Bachelors in China Calculate Huge Marriage Costs

Netizens have been calculating the expense of getting married in different cities, and worked out that many men cannot afford to pay that much.
Bachelors in China Calculate Huge Marriage Costs
Close to 50 percent of leftover men in China do not own a car or a house, and are less educated with a lower income than women in their age group. (Wang Zhao/AFP)

As the number of singles in China rises, dating websites are getting more traffic and Internet users are debating how much wealth people need to get married.

The many single men and women of marriageable age are known as “shengnan” and “shengnu,” or “leftover” men and women. Statistics show that single women often have more money and a better education than single men in their age group.

The Beijing Times published results from a recent survey showing that 48 percent of single women but only 37 percent of bachelors hold a master’s degree or higher, while 36 percent of the women and 29 percent of the men earn over 15,000 yuan ($2,400) per month.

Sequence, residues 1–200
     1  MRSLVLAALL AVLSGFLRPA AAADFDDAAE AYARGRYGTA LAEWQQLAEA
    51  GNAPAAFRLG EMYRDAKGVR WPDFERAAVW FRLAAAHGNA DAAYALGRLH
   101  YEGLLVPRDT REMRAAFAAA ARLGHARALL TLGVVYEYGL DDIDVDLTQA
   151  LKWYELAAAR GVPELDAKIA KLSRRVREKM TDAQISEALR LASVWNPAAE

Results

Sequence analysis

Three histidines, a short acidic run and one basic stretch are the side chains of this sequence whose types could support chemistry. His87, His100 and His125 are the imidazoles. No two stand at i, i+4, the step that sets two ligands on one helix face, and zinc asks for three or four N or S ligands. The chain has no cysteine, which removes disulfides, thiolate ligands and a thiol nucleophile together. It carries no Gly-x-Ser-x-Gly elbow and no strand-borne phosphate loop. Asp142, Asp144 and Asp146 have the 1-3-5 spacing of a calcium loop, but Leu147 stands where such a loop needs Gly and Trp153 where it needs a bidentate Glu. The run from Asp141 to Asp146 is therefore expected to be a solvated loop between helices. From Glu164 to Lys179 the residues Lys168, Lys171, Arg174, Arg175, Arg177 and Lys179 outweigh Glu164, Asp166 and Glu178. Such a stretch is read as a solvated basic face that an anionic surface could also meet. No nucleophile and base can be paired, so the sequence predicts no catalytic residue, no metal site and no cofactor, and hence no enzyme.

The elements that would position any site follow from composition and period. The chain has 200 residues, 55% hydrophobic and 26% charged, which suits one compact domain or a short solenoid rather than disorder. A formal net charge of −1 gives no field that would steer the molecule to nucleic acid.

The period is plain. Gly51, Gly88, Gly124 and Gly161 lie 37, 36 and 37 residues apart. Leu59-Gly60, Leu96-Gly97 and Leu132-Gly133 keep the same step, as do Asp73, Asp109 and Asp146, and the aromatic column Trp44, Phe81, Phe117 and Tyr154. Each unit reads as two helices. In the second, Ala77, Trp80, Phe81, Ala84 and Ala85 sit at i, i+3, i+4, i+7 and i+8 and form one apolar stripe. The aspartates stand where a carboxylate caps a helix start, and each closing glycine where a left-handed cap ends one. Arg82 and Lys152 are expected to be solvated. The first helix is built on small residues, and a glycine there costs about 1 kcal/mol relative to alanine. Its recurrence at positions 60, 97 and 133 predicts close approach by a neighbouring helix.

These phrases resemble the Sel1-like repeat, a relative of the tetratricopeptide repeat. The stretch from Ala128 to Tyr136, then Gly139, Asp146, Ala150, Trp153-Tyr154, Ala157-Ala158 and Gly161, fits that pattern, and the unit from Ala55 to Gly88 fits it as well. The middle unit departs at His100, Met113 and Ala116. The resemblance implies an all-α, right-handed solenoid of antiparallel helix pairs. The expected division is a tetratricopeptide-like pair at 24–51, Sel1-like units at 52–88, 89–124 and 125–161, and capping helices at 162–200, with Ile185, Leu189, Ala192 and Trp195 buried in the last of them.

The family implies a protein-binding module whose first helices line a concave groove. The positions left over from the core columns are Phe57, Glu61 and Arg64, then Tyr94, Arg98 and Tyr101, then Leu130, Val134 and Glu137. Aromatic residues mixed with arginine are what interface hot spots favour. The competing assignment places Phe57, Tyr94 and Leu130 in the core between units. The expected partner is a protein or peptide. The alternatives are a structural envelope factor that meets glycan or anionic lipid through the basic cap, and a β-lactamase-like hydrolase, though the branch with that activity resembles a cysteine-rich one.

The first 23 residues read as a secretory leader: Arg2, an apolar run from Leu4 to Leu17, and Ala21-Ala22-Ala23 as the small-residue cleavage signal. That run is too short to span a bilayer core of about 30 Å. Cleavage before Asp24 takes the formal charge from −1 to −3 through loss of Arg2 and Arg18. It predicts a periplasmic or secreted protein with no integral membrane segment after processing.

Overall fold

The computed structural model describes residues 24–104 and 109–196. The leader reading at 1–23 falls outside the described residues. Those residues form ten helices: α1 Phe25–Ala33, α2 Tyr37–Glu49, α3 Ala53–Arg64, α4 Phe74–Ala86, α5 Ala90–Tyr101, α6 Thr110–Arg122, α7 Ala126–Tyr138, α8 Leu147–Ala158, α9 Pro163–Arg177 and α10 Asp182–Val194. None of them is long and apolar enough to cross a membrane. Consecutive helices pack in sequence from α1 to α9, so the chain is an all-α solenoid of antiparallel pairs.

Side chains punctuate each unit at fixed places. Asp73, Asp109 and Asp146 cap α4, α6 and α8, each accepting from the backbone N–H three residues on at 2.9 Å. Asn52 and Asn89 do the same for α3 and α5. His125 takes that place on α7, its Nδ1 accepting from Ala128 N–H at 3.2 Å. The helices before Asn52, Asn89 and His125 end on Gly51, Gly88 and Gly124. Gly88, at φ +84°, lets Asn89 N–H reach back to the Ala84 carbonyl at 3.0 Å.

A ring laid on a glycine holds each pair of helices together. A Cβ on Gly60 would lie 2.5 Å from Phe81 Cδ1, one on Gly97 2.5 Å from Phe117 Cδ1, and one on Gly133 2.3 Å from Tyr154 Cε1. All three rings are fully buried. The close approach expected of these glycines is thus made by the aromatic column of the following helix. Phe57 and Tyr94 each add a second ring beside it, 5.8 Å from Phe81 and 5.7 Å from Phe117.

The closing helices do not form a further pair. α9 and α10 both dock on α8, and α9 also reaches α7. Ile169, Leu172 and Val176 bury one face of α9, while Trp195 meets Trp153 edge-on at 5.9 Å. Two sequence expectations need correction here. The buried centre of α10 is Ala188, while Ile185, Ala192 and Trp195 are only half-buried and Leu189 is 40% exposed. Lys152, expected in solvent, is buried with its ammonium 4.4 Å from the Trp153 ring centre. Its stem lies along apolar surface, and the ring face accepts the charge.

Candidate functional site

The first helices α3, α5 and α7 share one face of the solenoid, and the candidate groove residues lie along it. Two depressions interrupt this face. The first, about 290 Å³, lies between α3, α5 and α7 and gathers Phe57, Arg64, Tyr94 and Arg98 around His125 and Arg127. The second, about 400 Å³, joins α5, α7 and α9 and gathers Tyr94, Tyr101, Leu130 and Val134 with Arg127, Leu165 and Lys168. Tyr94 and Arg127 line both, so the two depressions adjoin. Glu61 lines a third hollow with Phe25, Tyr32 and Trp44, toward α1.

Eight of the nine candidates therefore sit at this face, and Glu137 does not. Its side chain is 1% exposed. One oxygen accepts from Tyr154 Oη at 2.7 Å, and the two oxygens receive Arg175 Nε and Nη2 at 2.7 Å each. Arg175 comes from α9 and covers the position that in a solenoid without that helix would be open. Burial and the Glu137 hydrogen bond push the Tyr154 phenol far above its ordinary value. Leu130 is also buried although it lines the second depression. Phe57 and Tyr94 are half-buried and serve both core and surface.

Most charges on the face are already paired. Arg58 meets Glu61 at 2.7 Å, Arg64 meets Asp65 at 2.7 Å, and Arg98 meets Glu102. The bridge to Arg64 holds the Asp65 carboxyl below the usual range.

Netizens have been discussing just how much money a man needs to get married, and have come up with a list of amounts according to location. For example, a man in Shenzhen, Beijing or Shanghai needs 2 million yuan ($325,000) to cover the total cost of dating, marriage, a car, a house, and furnishings.

Meanwhile, marriage costs in Hangzhou were estimated at 1.78 million yuan ($290,000), whereas in Nanjing they were 1 million yuan ($163,000).

Many bloggers joked about the matter, for example one said: “So a wife is the ultimate luxury item.”

Another posted: “I wonder does a shengnu really want a husband or just a house?”

A third commented: “In Xi’an, to get married would cost a man 1 million yuan, and he would have to stop eating and drinking for 17 years beforehand. Compared with our fathers’ generation, how much happier are we now?”

The gender imbalance in China is driving the problem. By 2020, men are expected to outnumber women by 24 million due to the Chinese regime’s one-child policy, an attempt at population control put in place in 1979.

Other social factors are contributing, such as large numbers moving to cities, where marriage tends to be delayed because people are too busy working to survive.

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